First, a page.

Yesterday, Merck ($MRK) became the most recent pharmaceutical company to be hit with a gender discrimination suit--an occurrence that's become pretty common in the pharma world. But it wasn't just that senior sales rep Kelli Smith felt overlooked in a man's world. What compelled her to bring the suit, she claims, was the company's blunt admittance that sales reps having babies was bad for business.
Deborah Marcuse, one of the lawyers working on Smith's case, said in an interview with FiercePharma that Merck management was "extraordinarily candid" in conveying to Smith that it was in fact "the timing of her baby that led to her demotion." Marcuse is a senior litigation counsel with Sanford Heisler LLP, which filed the $100 million litigation on behalf of all female sales representatives at the pharma giant.
Merck said today the case "lacks merit" and that it vehemently denies the allegations. "Merck is fully committed to providing equal employment opportunities for all employees and has a strong anti-discrimination policy that prohibits discrimination on the basis of characteristics, such as gender, race, age, disability and sexual orientation," the company said in an email statement.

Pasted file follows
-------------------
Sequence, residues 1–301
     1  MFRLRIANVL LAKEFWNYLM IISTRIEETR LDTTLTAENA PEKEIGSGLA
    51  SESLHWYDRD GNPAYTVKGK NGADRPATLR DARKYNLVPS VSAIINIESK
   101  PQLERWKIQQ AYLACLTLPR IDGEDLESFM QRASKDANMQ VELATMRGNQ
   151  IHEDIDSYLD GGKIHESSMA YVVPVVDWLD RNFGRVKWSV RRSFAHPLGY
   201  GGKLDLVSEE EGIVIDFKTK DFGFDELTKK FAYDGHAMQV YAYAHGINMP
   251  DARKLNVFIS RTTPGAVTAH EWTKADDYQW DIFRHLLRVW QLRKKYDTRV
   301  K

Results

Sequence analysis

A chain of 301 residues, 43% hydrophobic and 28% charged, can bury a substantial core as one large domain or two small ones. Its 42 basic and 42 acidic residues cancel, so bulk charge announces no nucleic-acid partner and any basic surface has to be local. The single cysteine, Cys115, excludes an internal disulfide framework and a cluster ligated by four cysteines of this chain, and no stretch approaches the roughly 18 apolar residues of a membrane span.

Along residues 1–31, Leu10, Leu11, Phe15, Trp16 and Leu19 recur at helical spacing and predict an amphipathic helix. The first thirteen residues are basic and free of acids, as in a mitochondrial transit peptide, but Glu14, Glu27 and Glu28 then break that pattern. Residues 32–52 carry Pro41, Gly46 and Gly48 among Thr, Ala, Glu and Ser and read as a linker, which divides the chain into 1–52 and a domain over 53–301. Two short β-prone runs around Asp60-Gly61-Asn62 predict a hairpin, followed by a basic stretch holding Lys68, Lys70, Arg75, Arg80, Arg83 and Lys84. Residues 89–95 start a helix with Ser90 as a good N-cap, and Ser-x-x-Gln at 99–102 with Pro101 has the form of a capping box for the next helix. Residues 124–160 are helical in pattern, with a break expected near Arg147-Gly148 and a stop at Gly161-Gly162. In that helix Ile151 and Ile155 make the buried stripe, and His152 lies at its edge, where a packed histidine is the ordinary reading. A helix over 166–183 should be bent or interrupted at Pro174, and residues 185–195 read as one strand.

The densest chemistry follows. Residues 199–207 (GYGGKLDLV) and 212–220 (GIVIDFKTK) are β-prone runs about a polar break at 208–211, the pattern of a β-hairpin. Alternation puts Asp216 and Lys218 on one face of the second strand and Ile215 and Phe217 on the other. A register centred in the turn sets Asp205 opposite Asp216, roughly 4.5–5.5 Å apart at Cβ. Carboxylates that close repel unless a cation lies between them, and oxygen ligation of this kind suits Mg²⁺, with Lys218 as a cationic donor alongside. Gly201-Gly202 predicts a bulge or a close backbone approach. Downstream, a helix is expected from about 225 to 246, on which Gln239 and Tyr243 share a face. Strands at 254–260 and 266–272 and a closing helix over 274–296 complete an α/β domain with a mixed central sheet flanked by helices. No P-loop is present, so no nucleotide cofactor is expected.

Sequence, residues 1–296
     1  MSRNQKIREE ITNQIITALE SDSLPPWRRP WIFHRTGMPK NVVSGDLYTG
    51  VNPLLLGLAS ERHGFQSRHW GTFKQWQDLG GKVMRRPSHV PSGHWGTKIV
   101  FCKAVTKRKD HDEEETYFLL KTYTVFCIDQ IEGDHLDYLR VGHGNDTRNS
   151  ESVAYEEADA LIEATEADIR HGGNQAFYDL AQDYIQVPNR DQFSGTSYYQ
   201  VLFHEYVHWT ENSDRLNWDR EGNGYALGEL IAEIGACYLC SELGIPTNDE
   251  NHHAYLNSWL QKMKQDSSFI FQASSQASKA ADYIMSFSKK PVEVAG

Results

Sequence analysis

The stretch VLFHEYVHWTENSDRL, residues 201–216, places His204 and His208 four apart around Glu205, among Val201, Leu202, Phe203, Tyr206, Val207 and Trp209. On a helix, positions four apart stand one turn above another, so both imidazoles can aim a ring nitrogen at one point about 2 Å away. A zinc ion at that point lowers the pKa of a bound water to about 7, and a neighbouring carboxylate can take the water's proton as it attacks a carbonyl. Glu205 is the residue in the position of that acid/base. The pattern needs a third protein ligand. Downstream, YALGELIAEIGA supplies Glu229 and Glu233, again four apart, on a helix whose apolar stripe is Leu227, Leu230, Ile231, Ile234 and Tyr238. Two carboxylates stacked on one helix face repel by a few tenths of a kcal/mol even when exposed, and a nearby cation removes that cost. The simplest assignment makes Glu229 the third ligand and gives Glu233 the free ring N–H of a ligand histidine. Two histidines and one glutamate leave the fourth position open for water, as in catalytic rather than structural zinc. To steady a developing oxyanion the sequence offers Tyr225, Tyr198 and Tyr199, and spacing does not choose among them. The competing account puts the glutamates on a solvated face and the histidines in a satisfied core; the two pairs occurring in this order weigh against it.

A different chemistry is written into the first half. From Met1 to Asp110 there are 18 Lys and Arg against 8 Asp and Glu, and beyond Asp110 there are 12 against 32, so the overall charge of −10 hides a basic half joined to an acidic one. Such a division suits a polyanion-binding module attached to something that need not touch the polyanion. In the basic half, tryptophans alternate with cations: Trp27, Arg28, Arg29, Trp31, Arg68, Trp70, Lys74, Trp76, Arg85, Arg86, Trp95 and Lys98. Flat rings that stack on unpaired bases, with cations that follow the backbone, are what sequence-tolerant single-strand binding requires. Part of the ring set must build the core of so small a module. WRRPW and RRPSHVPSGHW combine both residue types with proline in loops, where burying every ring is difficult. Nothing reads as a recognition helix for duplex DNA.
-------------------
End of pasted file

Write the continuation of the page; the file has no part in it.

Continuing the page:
Gender discrimination cases are certainly nothing new for pharma--or for Sanford Heisler. Smith's case is Sanford's 7th publicly filed class action of gender discrimination against a pharmaceuticals company, Kate Mueting, an associate on the Sanford Heisler team, told FiercePharma. Those suits include a 2010 case against Novartis ($NVS), in which the firm won a jury verdict of $253 million, which then settled for $175 million. Mueting and Marcuse said they're "not really sure" why companies aren't changing their practices. "You would think the Novartis case would have sent a pretty clear message to the industry that those kinds of practices are illegal and won't be tolerated," Marcuse said.
Smith's claim asserts that Merck discriminates against women on multiple fronts, including discouraging management from hiring and promoting women, decreasing the pay of managers whose subordinates take maternity leave and attempting to force pregnant women to leave the company.
Merck, for its part, has garnered accolades in recent years as one of the top employers for executive women, and it has been ranked by Working Mother as one of the top 100 companies for working mothers for the past 7 years straight. The gender discrimination allegations against Merck come even as the company has launched its "Let's Go There" marketing push. The women's health campaign "reminds modern women that whatever stage of life they're in, they don't need to settle for what's not working."
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